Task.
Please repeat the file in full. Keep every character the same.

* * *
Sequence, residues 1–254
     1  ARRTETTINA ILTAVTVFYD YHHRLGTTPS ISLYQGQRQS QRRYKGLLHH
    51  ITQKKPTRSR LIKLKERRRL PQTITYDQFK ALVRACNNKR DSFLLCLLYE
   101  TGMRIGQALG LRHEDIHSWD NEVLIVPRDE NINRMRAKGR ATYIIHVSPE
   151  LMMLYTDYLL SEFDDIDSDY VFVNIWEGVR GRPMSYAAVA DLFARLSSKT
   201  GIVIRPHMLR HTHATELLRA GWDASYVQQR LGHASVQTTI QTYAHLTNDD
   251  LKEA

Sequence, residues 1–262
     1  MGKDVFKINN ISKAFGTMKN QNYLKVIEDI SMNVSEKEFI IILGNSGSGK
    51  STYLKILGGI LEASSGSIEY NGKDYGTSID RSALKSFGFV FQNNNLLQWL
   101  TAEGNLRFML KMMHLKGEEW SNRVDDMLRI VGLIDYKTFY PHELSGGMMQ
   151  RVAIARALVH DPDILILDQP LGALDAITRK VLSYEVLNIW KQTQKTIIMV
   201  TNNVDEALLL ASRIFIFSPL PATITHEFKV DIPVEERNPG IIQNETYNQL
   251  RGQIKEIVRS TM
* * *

Sequence, residues 1–254
     1  ARRTETTINA ILTAVTVFYD YHHRLGTTPS ISLYQGQRQS QRRYKGLLHH
    51  ITQKKPTRSR LIKLKERRRL PQTITYDQFK ALVRACNNKR DSFLLCLLYE
   101  TGMRIGQALG LRHEDIHSWD NEVLIVPRDE NINRMRAKGR ATYIIHVSPE
   151  LMMLYTDYLL SEFDDIDSDY VFVNIWEGVR GRPMSYAAVA DLFARLSSKT
   201  GIVIRPHMLR HTHATELLRA GWDASYVQQR LGHASVQTTI QTYAHLTNDD
   251  LKEA

Sequence, residues 1–262
     1  MGKDVFKINN ISKAFGTMKN QNYLKVIEDI SMNVSEKEFI IILGNSGSGK
    51  STYLKILGGI LEASSGSIEY NGKDYGTSID RSALKSFGFV FQNNNLLQWL
   101  TAEGNLRFML KMMHLKGEEW SNRVDDMLRI VGLIDYKTFY PHELSGGMMQ
   151  RVAIARALVH DPDILILDQP LGALDAITRK VLSYEVLNIW KQTQKTIIMV
   201  TNNVDEALLL ASRIFIFSPL PATITHEFKV DIPVEERNPG IIQNETYNQL
   251  RGQIKEIVRS TM